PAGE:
Wednesday, May 09, 2007
Lessons for Radio from the new TV World
The recent news of the downturn in viewers for TV in this Spring's sweeps may represent a trend that could be in Radio's listener ship soon (if it already hasn't arrived). Nielsen data shows a loss of 2.5 million viewers for TV this Spring when compared to a year ago. There are a number of excuses from the earlier move to Daylight Savings Time, DVRs, on-line viewing, and so many viewing options that it might be hard for any person (or rating service) to keep track of. You can read the AP story here.
Some of the issues here are somewhat tied to the Nielsen policies struggling to work with all the new options to view a show. How do they track DVR, on-demand, video pod casts and watching on the computer? Not all of this happens in front of the magic Nielsen box next to the TV.
TV has also been pretty active in promoting all the options for viewing a show. Look at the shows that have younger (18-49) followings like Lost or 24. They actively promote the podcasts and on-line viewing and even offer 'extras' if you tune in there. They know the future of their shows brand lies in being on as many media options as possible. But, we may be in a world where no one ratings service can track all the options?
Some might also see all the new media options as the core cause of lower viewership and force us to tune in Monday at 9 if we want to see 24. That would be a mistake. Limiting the options will only weaken the show/brand over the long haul. Taking away the flexibility here is almost like taking away the viewers freedom - they will rebel. Other shows could jump in and take full advantage of the options and win the time slot pushing you down anyway.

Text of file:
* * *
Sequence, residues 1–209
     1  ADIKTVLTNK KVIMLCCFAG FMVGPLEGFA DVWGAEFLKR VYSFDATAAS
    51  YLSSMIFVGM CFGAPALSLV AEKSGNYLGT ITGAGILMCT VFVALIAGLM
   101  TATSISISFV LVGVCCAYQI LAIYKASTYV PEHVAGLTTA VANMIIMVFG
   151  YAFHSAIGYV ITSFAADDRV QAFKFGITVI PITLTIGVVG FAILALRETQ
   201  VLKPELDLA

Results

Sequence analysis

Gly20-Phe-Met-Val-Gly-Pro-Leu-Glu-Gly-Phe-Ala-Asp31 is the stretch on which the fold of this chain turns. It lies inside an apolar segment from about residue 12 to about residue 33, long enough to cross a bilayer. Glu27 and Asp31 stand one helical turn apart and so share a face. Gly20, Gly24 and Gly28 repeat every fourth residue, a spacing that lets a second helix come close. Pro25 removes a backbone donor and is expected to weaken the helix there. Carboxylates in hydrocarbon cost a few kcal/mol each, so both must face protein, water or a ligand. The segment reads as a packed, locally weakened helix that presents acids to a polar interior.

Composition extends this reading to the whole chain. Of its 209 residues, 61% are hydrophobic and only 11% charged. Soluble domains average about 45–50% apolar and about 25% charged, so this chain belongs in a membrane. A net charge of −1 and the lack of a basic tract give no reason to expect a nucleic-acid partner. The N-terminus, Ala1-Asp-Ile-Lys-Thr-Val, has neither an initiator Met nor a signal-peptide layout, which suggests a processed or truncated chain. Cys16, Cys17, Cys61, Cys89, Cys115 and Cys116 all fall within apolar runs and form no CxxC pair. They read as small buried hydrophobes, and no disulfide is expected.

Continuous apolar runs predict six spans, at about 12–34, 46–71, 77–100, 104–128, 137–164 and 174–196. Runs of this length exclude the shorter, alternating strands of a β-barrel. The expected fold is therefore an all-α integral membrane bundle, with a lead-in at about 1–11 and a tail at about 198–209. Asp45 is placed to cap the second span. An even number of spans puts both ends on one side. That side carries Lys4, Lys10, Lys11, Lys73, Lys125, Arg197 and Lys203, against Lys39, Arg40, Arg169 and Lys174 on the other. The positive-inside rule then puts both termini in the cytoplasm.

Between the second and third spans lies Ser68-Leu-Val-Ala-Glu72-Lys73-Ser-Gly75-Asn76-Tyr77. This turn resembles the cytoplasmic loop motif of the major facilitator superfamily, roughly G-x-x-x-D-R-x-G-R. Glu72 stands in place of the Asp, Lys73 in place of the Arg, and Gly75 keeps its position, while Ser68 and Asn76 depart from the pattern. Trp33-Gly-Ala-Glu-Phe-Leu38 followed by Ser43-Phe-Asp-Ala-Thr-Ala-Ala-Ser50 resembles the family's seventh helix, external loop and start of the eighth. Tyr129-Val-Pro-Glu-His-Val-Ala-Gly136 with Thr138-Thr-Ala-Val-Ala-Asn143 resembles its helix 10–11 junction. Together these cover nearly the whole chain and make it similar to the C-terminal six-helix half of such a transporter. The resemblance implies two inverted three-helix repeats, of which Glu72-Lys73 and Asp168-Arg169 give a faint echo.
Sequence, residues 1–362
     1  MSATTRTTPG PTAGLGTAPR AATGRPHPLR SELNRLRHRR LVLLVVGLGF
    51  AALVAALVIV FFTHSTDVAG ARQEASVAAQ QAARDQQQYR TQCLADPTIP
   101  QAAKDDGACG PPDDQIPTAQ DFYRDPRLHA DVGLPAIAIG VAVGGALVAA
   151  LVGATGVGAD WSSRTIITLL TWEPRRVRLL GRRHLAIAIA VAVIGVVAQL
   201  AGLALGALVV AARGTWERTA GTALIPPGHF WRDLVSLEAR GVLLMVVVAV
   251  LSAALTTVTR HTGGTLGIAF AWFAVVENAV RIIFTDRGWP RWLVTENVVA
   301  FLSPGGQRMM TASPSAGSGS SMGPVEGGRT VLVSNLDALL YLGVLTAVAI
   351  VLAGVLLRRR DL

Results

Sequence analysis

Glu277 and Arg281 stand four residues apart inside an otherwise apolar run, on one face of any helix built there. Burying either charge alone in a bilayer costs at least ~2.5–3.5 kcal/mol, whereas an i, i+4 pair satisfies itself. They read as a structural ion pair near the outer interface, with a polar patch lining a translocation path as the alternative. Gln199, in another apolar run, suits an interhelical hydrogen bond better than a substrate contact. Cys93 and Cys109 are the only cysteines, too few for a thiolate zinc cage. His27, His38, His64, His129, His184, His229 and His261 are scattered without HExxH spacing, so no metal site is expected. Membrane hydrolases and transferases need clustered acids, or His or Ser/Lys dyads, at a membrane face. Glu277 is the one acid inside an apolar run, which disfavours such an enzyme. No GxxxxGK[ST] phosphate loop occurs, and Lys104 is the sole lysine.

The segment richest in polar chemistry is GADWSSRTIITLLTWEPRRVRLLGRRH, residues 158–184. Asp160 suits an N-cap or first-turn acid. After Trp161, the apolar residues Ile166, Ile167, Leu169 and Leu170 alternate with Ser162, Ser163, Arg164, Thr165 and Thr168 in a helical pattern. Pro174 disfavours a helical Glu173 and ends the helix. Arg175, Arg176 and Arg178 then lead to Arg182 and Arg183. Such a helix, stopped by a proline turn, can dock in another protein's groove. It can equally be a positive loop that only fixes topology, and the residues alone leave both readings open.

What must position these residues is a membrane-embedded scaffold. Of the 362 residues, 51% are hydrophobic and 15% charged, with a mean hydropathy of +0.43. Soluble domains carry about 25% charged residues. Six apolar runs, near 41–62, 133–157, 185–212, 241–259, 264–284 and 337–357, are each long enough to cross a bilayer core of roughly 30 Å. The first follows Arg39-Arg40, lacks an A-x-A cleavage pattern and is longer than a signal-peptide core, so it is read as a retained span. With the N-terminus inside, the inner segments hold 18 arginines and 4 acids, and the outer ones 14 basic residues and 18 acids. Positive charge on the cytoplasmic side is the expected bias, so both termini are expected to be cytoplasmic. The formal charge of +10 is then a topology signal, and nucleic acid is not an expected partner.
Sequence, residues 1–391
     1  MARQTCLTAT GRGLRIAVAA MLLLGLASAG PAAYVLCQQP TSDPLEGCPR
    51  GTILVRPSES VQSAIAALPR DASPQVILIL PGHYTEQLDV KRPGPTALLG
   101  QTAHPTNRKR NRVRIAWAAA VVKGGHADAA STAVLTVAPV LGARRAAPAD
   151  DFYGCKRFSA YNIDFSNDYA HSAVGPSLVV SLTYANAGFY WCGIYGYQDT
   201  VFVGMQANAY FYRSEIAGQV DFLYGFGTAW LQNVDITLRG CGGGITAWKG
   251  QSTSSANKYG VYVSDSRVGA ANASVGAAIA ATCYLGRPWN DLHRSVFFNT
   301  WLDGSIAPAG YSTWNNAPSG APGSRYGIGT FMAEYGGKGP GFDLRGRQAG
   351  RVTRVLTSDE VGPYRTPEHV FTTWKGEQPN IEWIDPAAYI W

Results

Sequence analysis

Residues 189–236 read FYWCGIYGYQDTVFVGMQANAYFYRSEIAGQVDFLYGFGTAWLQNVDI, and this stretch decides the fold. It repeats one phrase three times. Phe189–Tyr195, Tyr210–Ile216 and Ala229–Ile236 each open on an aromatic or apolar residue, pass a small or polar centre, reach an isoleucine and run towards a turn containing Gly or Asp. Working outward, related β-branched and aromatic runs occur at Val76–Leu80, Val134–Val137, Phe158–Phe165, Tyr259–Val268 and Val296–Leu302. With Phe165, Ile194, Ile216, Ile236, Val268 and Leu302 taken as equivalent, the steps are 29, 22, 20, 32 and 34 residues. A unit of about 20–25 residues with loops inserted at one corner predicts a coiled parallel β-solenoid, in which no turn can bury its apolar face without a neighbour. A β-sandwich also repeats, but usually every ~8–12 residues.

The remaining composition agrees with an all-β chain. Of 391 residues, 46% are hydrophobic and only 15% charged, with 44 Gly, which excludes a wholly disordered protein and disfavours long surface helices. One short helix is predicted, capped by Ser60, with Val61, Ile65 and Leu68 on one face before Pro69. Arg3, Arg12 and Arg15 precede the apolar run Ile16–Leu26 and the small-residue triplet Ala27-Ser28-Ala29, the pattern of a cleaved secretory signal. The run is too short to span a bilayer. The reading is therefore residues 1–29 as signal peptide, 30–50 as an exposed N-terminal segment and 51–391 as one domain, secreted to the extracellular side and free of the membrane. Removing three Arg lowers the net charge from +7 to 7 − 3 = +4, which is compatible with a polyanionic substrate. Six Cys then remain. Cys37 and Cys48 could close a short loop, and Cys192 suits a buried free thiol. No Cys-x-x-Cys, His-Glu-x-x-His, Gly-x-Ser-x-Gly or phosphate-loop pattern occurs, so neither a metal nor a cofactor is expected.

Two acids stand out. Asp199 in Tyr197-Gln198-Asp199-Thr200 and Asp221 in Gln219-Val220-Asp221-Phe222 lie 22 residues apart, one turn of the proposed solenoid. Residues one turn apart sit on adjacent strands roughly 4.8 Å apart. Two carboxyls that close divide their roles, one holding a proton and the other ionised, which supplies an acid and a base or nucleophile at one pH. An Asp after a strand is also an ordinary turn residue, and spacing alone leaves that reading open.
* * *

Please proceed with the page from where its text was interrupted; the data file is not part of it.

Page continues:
We see the same issues showing up in Radio. No one gets credit for Podcasts and many streams are not counted due to the AFTRA commercials being cut out. How will we get credit for the future of HD radio in non PPM markets, listening on Cell Phones (if we are able to go there) or delayed DVR style options that will soon be in radios?
Perhaps we need to have a 'brand rating' system where all sources are taken into consideration. When they count up the revenues from a movie everything comes into play - theatres, DVDs, on-line downloads, subscription TV channels, selling the movie to TV networks and even airline viewing revenue all shows up.
The news here also shows us the new reality ahead for our business. We will be talking to fewer listeners, but we will likely still reach more than most other options. Don't expect the networks here to lose much because of the lower viewer ship this spring. Even if they have to rebate some dollars because they didn't achieve promised levels to some advertisers they will find a way to adjust their rates and advertisers will pay. TV reaches too many people and is still to powerful of a media. Radio has the SAME advantages.